AAS : The uniqueness lies into the harmonious coexistence of a clock and a lamp in a statement of an object. As the time passes a discus gradually lights off in parts which correspond to the segmentation of a clock. Half translucent fiberglass, half goldenlike brise soleil the discus rotates corresponding to the different needs of direct and indirect light during the day while always indicating the time. A slimmer discus half mirror half brass behind the main one accentuates or diffuses the light.
DI: Who did you collaborate with for this design? Did you work with people with technical / specialized skills?
AAS : We didn’t consult people with technical/specialized skills during the concept phase apart from some friends who helped us decide how we could move on with the electrical parts.
DI: What is the role of technology in this particular design?
AAS : The design is based upon the use of LED tape and a timer. The 6 segments of fiberglass of the upper half discus gradually light off from 9am till 3pm and then the discus rotates 180 degrees. The same process occurs from 4pm to 9pm and repeats itself every 6 hours. The rotation axis and motion rotors are found inside the slim base cutting the lamp in half. The rotation is set off through a hidden timer connected to two also hidden power adapters inside the lamp's backbase. The discus consists of a brass wreath holding the fiberglass and the brass brise soleil semicircles. Two pieces of fiberglass 3mm thick are held apart by the wreath so as for six strips of LED tape to be placed between them on the wreath's 1cm internal surface. Another LED strip covered with plexiglass is placed behind the brass 3mm bars of the lower semicircle. The timer and adapters enclosed in the brass backbase offer signal and power for the lighting on, off and rotation of the lamp.
The circuit enabling the function consists of two adapters and a timer. The six strips of LED tape on the upper half as well as the strip on the lower side are controlled by PCB units placed under them. Each of the upper strips lights off per hour following the timer's signal which also sets off the rotation axis every six hours. Necessary wires travel through the slim base's hollow edges to the lower backbase.
DI: Is your design influenced by data or analytical research in any way? What kind of research did you conduct for making this design?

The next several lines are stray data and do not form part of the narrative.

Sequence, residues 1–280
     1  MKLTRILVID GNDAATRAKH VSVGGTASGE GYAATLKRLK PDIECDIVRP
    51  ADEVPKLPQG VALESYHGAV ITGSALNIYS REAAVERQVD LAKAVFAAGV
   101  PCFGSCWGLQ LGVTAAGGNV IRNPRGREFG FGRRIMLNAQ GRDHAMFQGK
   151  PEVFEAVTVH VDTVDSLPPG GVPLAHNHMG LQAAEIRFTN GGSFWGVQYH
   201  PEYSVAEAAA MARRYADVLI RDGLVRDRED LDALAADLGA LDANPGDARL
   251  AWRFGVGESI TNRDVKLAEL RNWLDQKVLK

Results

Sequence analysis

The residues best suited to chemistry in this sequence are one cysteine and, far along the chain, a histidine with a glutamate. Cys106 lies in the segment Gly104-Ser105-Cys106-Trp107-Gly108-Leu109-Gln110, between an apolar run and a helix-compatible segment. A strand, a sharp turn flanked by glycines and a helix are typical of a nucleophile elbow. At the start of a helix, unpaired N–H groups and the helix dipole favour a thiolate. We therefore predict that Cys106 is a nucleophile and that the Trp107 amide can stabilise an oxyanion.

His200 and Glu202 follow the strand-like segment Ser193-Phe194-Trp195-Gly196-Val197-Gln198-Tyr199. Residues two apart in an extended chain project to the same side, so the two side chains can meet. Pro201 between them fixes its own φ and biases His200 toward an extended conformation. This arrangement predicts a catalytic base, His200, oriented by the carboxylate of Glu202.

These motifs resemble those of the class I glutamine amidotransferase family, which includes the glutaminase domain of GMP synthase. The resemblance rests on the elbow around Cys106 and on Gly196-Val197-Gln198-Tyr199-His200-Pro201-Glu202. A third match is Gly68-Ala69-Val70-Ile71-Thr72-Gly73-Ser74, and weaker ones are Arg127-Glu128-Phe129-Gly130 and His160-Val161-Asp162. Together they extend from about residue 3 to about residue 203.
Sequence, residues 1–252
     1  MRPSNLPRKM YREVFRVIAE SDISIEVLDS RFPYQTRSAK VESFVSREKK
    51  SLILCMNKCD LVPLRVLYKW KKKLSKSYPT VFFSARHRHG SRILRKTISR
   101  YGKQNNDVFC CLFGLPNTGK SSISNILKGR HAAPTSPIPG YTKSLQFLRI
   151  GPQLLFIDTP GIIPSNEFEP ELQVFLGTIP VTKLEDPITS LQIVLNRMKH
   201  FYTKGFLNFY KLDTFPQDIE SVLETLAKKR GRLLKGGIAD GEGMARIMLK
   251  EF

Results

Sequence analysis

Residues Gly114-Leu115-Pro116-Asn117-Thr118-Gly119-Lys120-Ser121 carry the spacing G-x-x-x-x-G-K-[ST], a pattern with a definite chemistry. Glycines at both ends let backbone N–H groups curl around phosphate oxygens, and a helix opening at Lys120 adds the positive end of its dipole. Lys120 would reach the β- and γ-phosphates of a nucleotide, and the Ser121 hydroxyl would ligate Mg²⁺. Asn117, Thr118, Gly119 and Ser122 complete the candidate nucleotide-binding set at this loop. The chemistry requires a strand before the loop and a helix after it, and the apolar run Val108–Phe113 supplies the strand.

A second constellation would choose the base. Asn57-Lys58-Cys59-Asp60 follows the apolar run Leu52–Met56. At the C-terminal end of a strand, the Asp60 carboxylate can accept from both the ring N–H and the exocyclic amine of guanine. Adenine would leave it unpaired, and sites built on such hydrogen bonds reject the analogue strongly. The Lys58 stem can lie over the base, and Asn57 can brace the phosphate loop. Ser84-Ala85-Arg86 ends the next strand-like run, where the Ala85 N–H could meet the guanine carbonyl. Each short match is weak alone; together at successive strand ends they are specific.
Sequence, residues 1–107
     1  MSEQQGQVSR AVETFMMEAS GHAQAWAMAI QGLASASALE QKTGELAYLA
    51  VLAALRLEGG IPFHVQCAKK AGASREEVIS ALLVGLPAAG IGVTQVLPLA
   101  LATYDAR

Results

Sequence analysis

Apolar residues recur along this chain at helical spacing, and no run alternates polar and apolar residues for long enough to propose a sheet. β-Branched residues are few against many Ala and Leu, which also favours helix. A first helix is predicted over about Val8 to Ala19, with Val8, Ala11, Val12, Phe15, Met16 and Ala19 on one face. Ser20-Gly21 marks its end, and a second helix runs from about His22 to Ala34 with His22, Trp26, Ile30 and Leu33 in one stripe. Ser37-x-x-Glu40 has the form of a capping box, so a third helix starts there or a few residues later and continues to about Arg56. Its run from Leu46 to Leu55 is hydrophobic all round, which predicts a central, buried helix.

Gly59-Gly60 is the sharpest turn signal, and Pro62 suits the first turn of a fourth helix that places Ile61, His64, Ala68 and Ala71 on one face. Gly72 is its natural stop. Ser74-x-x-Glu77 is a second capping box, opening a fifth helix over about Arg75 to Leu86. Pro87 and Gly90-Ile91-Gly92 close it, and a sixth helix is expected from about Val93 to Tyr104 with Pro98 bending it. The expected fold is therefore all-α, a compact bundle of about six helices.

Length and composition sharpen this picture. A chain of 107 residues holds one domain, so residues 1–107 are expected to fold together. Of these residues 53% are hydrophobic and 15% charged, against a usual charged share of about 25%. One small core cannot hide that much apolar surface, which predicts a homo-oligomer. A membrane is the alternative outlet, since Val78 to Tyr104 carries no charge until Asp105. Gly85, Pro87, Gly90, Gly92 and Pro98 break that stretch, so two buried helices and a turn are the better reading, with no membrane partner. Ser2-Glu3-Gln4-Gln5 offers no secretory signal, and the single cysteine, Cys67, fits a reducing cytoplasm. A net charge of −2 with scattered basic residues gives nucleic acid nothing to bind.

AAS : Our architectural background drives us to re-evaluate the core of forms and notions in order to give birth to new and exciting ideas like some of our influences: Le Corbusier, Mies Van Der Rohe, Rem Koolhaas. Our research follows our awarded with Silver A Design Award Reverse Pickup Table Lamp case study and aims to take it a step further through the transformation and re-interpretation of every day forgotten objects into elegant contemporary design products, like the Pickup or the Sunclock.
DI: What are some of the challenges you faced during the design/realization of your concept?
AAS : The greatest design challenge was the giving birth to an "eternal" and timeless piece of furniture through the use of priceless materials while at the same time making use of a post-modern and pop concept such as the pickup.Our preoccupation was to create a "Less is more" and featherweight kind of design despite the use of heavy and expensive materials. For more palpable challenges, we should mention the moving sensors explained in the “role of technology” question.
DI: How did you decide to submit your design to an international design competition?
AAS : We thought that it was a good idea which should have the chance to get the attention it deserved. We also wanted to see whether we could win the award for a second time.
DI: What did you learn or how did you improve yourself during the designing of this work?
AAS : We started paying more attention to the technical details of our design, given our first experience with the Reverse Pickup Lamp. We understood that apart from fresh, interesting and functional, our design also had to be beautiful.
DI: Any other things you would like to cover that have not been covered in these questions?
AAS : We think that everything has been covered.